The problem is those models do not translate to the primary Activision or Blizzard audience.  Witness the outcry over the announcement of a mobile version of Diablo at BlizzCon in November 2018.  The game, Diablo: Immortal, is being developed with NetEase.  NetEase is a Chinese company well noted for its manipulative techniques to get users to pay for games.

The reaction from Blizzard fans was overwhelmingly negative.  By January the official YouTube trailer for Diablo: Immortal had been viewed 5.3 million times.  A whopping 723,000 people hit the dislike button.  This was 27 dislikes for every like.

That, in a nutshell, is the issue faced by companies like Activision Blizzard and Electronic Arts.  Their current audience is simply not buying into new digital business models.  The past few months have been hard for almost all stocks.  However, with the Bungie split, investors are now expressing more long-term concerns.

Destiny of Activision

In our recent reports, we have written about the future of streaming game services.  DFC has an upcoming report that looks at the potential winners and losers as the industry moves to streaming models.  Once again, publishers like Activision Blizzard and Electronic Arts are not well-suited for the emergence of streaming game models.

Looking at Take-Two Interactive

Ironically, one traditional publisher that seems to be faring better than others is Take-Two Interactive.  For years, DFC has criticized Take-Two’s modest ambitions and inability to expand on its core franchise.  Now Take-Two is looking like playing it safe may be a smart strategy.  You can see our recent article reevaluating our opinion on Take-Two here.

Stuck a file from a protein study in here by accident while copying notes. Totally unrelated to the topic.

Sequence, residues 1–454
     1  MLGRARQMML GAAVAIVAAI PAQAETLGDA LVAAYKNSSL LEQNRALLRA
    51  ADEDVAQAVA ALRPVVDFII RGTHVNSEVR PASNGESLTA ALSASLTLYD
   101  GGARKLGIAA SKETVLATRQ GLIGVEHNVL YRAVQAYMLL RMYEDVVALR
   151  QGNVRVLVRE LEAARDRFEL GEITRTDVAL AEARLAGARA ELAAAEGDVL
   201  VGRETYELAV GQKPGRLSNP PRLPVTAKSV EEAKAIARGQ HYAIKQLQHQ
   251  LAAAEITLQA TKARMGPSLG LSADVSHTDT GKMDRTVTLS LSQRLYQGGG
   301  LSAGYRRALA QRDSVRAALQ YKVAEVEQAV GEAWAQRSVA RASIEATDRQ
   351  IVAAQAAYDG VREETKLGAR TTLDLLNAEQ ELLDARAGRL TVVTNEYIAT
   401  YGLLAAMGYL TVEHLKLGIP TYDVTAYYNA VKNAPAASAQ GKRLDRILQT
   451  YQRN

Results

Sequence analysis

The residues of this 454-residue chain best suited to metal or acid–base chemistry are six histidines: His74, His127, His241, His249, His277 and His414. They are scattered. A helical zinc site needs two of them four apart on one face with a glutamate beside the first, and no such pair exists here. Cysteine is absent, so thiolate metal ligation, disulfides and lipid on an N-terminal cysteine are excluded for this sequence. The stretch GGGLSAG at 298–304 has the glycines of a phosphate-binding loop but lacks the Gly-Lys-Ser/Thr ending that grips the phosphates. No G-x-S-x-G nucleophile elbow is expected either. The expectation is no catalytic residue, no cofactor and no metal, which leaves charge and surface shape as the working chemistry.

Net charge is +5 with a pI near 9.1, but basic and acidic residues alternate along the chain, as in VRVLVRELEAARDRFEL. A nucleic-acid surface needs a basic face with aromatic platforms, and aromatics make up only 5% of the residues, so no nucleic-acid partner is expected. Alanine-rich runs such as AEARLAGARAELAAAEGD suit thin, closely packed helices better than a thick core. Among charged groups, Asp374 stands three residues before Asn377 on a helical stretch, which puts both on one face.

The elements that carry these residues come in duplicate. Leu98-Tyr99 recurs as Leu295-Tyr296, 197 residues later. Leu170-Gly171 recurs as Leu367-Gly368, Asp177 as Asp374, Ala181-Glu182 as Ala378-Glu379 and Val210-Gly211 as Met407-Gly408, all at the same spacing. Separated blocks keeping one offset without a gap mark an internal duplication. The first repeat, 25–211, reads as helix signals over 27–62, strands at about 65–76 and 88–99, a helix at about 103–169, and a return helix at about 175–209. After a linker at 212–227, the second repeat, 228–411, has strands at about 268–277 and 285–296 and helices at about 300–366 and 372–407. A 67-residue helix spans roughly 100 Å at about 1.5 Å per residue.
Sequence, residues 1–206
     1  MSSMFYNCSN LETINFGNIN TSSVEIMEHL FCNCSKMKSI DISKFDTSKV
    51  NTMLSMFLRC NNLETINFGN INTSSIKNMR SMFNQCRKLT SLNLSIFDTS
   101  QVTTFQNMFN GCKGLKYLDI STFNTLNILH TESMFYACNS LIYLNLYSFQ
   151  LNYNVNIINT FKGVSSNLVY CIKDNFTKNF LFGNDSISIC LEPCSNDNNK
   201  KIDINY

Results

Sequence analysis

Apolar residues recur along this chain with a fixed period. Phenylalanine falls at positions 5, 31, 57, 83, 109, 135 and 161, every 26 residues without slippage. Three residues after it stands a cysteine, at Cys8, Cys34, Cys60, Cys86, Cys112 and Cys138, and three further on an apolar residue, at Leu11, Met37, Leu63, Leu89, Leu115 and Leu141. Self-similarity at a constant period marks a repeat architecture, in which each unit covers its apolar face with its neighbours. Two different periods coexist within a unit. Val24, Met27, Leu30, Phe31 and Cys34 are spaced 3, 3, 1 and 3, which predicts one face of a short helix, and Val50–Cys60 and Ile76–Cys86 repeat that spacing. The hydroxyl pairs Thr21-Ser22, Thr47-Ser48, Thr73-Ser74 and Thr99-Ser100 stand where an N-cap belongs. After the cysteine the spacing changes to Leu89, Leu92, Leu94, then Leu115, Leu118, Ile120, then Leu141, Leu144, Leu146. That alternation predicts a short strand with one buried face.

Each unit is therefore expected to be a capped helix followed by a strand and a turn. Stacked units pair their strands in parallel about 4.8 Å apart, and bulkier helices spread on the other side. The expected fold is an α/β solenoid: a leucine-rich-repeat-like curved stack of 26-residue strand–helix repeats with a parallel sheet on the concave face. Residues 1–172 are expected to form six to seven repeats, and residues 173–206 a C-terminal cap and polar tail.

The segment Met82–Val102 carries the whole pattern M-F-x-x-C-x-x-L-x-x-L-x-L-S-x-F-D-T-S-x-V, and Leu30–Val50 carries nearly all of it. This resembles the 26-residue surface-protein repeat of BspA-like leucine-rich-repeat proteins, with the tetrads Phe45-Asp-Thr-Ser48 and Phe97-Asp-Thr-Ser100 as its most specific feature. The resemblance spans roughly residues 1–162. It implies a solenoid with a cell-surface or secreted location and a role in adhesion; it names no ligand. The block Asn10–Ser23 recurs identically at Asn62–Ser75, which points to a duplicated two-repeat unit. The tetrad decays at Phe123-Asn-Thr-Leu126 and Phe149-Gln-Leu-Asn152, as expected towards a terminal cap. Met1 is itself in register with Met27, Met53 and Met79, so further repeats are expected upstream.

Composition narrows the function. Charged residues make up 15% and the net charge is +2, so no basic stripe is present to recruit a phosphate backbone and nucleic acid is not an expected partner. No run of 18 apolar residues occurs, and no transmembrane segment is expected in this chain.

Ubisoft Versus Take-Two Interactive: When Less is More

Like other companies, Take-Two’s stock has taken a beating in the past 3 months.  It is down 20% since October.  However, the stock is about the same price as it was a year ago.  Activision Blizzard and, to a lesser extent, Electronic Arts have seen much more significant declines.

Destiny of Activision

Of course, there is a second side of this issue.  What does the future hold for developers like Bungie? It is worth noting in June 2018, Bungie received a $100 million investment from NetEase.  But like Blizzard, the Bungie consumer is likely to be just as opposed to NetEase style business models.   For now, that is a subject for a future article.

For more information about The Business of Video Games report or other DFC Intelligence research go here.

Destiny of Activision